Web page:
The future through green-colored glasses

Written on: June 1, 2023 by Nicholas Georges

My three-year-old niece has a fascination with recycling and recycling trucks. Not garbage trucks, because those are stinky; no, she loves the green recycling trucks that come down the street once a week. According to my other friends with young children, this is common, which leads me to believe that Generation Alpha cannot get enough of trips to waste sorting facilities, recycling trucks and can collection machines.

I’m not sure where this interest comes from, but I think we can all agree that educating our youth about the importance of recycling is important. However, what should we teach them? There are still many questionsi about what products and materials we should recycle and how. Should consumers bag their recyclables? Can grocery bags and plastic wrappers be recycled? How are materials sorted after a consumer puts them in their curbside program? Furthermore, as my niece regularly asks, when do the magical green trucks come?

Plastics have become the “poster child” for confusing recycling rules. Many people think a plastic is recyclable when they see the chasing arrows symbol (accompanied by a number) on the packaging, but that number is actually used to identify the type of resin plastic, which makes it easier to sort out materials to be recycled. Therein lies the problem.

In an attempt to provide clarification, California passed SB-343, Environmental Advertising: Recycling Symbol: Recyclability: Products & Packaging.ii Other efforts to address confusion related to recycling are underway, but accordingiii to the United Nations Environment Programme (UNEP), only an estimated 9% of all plastics have been recycled. That means there’s still work to be done. The UNEP has established an Intergovernmental Negotiation Committee (INC) that is responsible for developing a plastics treaty. However, to do this effectively, it’s essential to understand the technology involved in recycling plastic products, packaging and material.

There are two main processes for recycling plastics that work in tandem—mechanical recycling and advanced (or chemical) recycling. Mechanical recycling breaks up plastic material, either by crushing, grinding or some other physical means to break down the material, which is then remelted into granules that can be used to create new products. Mechanical recycling is more common than advanced recycling because it’s what our current infrastructure is set up to handle. It is important to note that, for mechanical recycling, materials must first be sorted because it requires an uncontaminated waste stream and can only handle certain types of plastic. Mechanical recycling cannot be used on multilayer plastics because the process weakens the strength of the plastic, limiting the number of applications the recycled resin can create.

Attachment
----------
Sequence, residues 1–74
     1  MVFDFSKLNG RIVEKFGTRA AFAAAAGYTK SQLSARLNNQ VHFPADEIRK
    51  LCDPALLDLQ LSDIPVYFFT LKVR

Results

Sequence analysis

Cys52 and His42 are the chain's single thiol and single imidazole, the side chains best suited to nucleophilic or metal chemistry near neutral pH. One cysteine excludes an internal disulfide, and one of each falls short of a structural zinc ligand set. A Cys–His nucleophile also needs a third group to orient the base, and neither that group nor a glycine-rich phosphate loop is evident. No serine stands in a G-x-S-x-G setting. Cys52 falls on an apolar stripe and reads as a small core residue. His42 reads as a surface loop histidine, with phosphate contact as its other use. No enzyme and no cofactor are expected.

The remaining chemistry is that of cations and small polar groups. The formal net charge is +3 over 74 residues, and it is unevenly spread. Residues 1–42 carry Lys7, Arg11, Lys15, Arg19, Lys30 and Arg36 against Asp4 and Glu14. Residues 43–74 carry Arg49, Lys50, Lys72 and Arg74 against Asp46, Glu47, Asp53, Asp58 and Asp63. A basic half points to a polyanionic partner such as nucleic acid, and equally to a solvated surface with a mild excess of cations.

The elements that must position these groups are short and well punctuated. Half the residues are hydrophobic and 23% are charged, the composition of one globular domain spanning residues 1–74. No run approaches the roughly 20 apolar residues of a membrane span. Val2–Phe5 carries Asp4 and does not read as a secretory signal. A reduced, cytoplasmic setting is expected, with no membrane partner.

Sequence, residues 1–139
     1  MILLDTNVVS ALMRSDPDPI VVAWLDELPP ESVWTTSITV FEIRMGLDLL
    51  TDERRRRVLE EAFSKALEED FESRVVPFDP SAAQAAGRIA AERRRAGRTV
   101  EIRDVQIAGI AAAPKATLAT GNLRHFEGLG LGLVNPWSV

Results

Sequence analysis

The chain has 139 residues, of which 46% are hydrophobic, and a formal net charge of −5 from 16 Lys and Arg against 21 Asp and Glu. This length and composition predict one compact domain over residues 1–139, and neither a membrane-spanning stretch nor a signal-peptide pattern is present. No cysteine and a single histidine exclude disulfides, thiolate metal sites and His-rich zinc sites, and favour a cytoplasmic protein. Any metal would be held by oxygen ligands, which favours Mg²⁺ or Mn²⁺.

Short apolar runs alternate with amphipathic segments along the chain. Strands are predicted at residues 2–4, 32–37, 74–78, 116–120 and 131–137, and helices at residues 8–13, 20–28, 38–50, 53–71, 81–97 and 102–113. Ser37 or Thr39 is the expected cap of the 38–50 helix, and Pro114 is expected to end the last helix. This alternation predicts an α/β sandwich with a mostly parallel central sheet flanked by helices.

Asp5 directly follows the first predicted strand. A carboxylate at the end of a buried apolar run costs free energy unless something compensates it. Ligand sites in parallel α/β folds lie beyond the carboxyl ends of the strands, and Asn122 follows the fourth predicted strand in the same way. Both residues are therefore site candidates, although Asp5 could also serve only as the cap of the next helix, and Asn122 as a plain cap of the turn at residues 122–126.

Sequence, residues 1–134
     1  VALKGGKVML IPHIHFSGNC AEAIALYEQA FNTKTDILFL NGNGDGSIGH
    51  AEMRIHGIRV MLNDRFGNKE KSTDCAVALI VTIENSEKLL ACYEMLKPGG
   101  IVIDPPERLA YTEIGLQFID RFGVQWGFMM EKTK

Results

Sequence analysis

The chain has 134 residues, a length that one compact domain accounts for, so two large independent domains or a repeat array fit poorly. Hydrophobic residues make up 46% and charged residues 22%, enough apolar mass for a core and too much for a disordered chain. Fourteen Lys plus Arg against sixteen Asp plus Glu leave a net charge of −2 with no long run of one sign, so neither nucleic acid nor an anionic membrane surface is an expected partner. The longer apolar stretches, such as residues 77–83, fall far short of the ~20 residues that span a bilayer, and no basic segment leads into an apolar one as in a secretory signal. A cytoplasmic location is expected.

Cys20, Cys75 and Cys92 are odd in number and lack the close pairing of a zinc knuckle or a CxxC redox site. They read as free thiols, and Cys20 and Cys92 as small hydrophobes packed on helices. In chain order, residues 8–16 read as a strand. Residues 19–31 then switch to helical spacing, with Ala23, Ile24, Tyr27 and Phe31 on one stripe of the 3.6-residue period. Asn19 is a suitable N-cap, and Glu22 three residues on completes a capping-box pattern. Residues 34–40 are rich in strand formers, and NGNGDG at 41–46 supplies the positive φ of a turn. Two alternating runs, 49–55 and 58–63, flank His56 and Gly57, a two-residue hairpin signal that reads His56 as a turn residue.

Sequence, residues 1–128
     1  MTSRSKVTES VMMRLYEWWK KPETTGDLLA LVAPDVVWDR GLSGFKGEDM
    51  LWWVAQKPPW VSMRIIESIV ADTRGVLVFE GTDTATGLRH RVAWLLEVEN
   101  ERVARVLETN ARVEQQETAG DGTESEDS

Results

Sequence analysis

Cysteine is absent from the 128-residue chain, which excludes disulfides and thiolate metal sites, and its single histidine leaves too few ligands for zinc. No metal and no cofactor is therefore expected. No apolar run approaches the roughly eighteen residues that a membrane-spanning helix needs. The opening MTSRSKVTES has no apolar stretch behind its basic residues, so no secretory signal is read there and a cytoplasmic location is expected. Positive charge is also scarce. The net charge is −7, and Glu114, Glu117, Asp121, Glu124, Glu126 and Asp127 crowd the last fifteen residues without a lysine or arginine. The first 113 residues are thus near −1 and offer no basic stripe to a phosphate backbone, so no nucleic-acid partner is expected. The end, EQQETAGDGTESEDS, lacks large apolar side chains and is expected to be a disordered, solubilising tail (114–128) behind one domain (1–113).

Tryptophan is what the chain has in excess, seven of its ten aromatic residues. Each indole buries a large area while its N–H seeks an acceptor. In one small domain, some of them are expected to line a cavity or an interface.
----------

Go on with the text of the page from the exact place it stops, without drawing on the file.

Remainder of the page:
Advanced recycling is a newer technology for recycling plastics and is actually multiple technologies, such as enzymatic hydrolysis, methanolysis and glycolysis. These processes are used to break down plastic waste, which can then be used as a feedstock to manufacture new products by breaking down the polymer chains into monomers that can be used again to build new polymers. This process can remove contamination and produce chemicals with the same quality and physical properties as virgin material. Advanced recycling is more energy intensive than mechanical recycling and should be used as a complementary technology and not as a substitute, but it’s betteriv than virgin plastic production and can divert plastic that is unsuitable for mechanical recycling from incineration, landfills or the environment. Advanced recycling is currently limited in scale, but several companies in the European Union and the U.S. have made significant investments in this technology to develop and scale it for the future.

Our society has a diverse range of plastic materials and packaging, and it isn’t practical to think one single solution can manage all of that material. Public policy should encourage the development and advancement of new technologies to help recycling streams become more efficient and effective. Through these technological advances, we can produce more recycled resin to meet the needs of consumers and workers who depend on plastic.

Education on how to properly recycle is just as important as achieving these technological advances. Recycling correctly and minimizing contamination are essential to ensuring that plastic and other materials can be recycled into new products. The goal is to build a solid foundation for recycling so that future generations, whether that’s my niece’s generation or the generations that will come after, can focus on other issues rather than continue to address the shortfalls of turning our garbage into the products of the future.

For further information, please contact me at SPRAY

i link
ii link
iii link
iv City College of New York. “Advanced plastics recycling yields climate benefits.” ScienceDaily. ScienceDaily, 12 October 2022.